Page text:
Japanese Maple Bonsai Tree Care Sheet
The Japanese Maple Bonsai Tree from our online nursery is a dwarfed version of its counterpart found in nature, a tree that shares many of the favorable characteristics with maples around the world, but is native to only Japan. These trees are known for their unique and vivid colors in the spring and fall, and they are especially hearty when properly cared for. Because this bonsai is a dwarfed version, the tree proudly displays a densely branched and compacted foliage, with miniature maple leaves that range in color from green, to reddish-green, to bright red to bright orange. With every changing season, you are sure to witness the spectacular change in color that accompanies it. For all of these reasons, Japanese Maples are clearly favorites in the bonsai realm and many of the oldest and most treasured bonsai specimens in Japan are in fact Japanese Maples. You are sure to love it! Please be sure you check out our full selection of wholesale bonsai trees for sale from our online nursery after you have read up on the Japanese Maple Bonsai Tree.
Japanese Maple Bonsai Trees love the sunlight, but be careful not to allow the leaves to be “sun scorched” during the summer. The ideal location would provide full sun in the morning and evening, but slight shade or dispersed light during the hot afternoons. With Red Maple species in particular, you have to make sure they are given adequate light or the leaves could gradually revert back to green. Also, your maple will be healthier if placed in a location where there is not excessive wind.
These bonsai trees are outdoor trees and require a dormant period in the winter. However, their roots do need protection from the frost, so be sure to move the tree into your garage or shed during the winter – a location that is cold enough to spark the tree into entering its natural dormancy state but not too cold that the roots are at risk of freezing. Feel free to display your tree indoors when you have guests over (especially when the color is brilliant!), but always remember to return the tree back to its location outside.
We recommend that you water your Japanese Maple in the morning, or before the heat of the day, to ensure that the tree does not dry out during the day. These are not drought tolerate trees, so the soil should not be allowed to dry out. You need to check the soil for moisture daily, but also be weary of not overwatering which could cause root rot – you need to find the balance! If you are planning on taking a trip and will be gone for a few days, it is best to make sure someone will be able to water the tree for you. Good luck!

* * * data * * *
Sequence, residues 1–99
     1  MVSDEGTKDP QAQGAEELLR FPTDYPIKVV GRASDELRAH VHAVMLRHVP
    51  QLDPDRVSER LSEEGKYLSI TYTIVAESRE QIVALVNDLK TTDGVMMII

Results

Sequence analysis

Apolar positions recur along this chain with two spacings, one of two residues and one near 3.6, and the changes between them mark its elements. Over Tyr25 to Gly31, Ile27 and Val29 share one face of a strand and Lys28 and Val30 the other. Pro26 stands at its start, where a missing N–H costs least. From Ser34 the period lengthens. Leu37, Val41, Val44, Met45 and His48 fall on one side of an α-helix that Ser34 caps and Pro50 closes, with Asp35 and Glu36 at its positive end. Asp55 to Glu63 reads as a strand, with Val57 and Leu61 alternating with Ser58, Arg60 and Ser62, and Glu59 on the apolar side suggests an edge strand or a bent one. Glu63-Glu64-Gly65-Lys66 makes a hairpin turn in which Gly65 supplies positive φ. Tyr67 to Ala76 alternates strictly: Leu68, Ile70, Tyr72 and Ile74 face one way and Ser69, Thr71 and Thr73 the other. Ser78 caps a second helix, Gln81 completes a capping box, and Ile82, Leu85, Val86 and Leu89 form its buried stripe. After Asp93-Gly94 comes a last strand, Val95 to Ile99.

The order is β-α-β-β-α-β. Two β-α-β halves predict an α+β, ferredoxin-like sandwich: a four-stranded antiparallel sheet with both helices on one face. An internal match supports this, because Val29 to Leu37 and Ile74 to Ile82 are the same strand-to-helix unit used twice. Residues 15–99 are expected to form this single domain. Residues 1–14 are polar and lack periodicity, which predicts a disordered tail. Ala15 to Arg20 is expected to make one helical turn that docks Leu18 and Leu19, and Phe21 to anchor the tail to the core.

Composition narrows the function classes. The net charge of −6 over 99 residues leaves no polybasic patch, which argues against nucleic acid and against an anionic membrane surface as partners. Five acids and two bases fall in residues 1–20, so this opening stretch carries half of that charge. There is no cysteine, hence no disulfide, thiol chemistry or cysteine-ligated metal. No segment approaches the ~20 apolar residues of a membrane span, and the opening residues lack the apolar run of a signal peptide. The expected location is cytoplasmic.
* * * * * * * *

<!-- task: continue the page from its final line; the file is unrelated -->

We recommend that you fertilize your Japanese Maple Bonsai Tree every two weeks in from spring to summer using a balanced fertilizer to encourage healthy leaf growth. You should not fertilizer directly after repotting, as that can cause root burn. Rather, you should wait until you see new growth appearing which is a sign that the cut roots are beginning to regrow and are ready to be fertilized.
When new, undesired shoots begin to appear in the spring, simply pinch them off using two fingers to help retain the desired shape of the tree. If there are long internodes, we recommend that you trim those off to help the tree retain the “miniature” look. Internodes are the sections of tree in between the leaf and the node, where the node is where the leaf grows out from the main branch. Be careful not to cut back a branch too far, as you could possibly loose the entire back. If you choose to wire your tree, which is best to do in the spring just before it begins to grow, be very careful not to damage the bark. The bark is delicate, so make sure that as the tree grows, the wire is not cutting into the bark – you will need to re-wire if you run into this.
Japanese Maples, when healthy, are very disease and pest resistant. However, if your tree is stressed or not as healthy as it should be, they might before infested with scale of aphids. Weevils, bark beetles, and spider mites could also attack the tree if it is unhealthy. To remove them, simply rinse the tree with a mixture of 1 quart warm water and 1 tsp dish soap and thoroughly clean the tree. Be sure to rinse the tree off with clean water.
*If you see caterpillars, remove by hand immediately as they can quickly eat all of the maples beautiful leaves.
We recommend that you repot your Japanese Maple Bonsai Tree in every two or three years in the spring, replacing the old soil with a sandy soil that drains well. Click to read more information about when to repot.
We also recommend that you do not cut away more than half of the root system when repotting. Click here to watch a video that shows you how to repot a bonsai tree.
*Click here to view our entire list of bonsai tree care sheets!